Judge admonishes pair for setting fire

Setting a fire is like unleashing a wild animal, the sentencing judge told two Red Deer teens who pleaded guilty to arson on Thursday.

Setting a fire is like unleashing a wild animal, the sentencing judge told two Red Deer teens who pleaded guilty to arson on Thursday.

The two Red Deer boys, aged 16 and 17, were each sentenced to serve one year on probation, including curfews and 20 hours of community service, before Judge Bert Skinner in Red Deer youth court.

Charges were laid by police who investigated fires at two different homes in the Vanier Woods subdivision shortly after midnight on May 5.

Both boys pleaded guilty to the May 5 fire with charges relating to a second fire on May 15 withdrawn by the Crown.

The names of the boys cannot be published under provisions of Canada’s Youth Criminal Justice Act.

The two boys, both slim and well dressed, appeared with their parents and their lawyers, Gordon Yake for the younger boy and Michael Scrase for the other.

Crown prosecutor Tony Bell said fire was lit to a tarp covering the garage door and that the tarp melted as a result.

Yake described his client’s actions as an “incident of grave stupidity.”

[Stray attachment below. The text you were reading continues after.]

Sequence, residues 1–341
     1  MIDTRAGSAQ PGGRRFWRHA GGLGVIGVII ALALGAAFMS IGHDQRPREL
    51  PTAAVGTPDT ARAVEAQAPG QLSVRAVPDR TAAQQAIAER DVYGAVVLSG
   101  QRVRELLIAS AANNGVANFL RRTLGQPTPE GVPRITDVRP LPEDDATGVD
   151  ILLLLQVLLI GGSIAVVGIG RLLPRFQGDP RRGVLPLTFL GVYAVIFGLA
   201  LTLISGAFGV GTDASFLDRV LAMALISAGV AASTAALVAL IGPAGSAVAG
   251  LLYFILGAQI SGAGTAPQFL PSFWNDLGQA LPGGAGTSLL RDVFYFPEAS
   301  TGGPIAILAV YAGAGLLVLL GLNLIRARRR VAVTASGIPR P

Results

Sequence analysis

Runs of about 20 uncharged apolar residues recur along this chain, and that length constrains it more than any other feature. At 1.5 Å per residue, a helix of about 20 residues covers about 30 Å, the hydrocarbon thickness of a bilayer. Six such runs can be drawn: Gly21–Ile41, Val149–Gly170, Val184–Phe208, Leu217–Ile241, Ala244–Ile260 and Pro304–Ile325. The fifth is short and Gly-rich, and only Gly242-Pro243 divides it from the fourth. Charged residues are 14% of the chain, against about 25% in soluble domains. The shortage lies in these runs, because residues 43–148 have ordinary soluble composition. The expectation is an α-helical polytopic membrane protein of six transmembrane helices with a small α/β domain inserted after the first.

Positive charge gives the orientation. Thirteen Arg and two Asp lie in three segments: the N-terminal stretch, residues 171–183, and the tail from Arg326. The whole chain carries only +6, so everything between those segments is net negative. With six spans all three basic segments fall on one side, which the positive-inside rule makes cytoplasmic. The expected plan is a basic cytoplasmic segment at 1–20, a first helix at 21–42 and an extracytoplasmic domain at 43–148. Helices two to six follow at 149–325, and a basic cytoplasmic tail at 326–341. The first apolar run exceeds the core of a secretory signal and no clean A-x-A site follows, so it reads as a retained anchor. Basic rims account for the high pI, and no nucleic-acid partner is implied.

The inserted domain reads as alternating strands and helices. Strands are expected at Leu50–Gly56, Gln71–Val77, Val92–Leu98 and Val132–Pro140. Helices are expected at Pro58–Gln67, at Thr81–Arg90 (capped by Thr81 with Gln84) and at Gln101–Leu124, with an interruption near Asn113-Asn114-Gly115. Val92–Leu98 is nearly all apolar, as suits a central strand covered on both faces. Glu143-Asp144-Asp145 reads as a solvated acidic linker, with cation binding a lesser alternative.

He and Scrase both said their clients quickly realized the error of their ways and co-operated fully with police after being tracked by a police dog and subsequently arrested.

The sentence handed to them came about as a joint submission between the Crown and the defence.

The early guilty plea and the fact that neither boy had a prior criminal record were factors in the sentencing, as were each of their commitments to maintaining steady employment through the summer and their plans to continue working part-time while attending classes this fall.

After hearing the two fathers state that their sons would never again be called before the court, Skinner agreed to the conditions proposed in the joint submission, including a brief lecture on playing with fire.

“Fire is dangerous. It’s kind of like a wild animal. When you start it, you don’t know where it’s going to end up,” said Skinner.

“I think you’ve learned your lesson,” he said.


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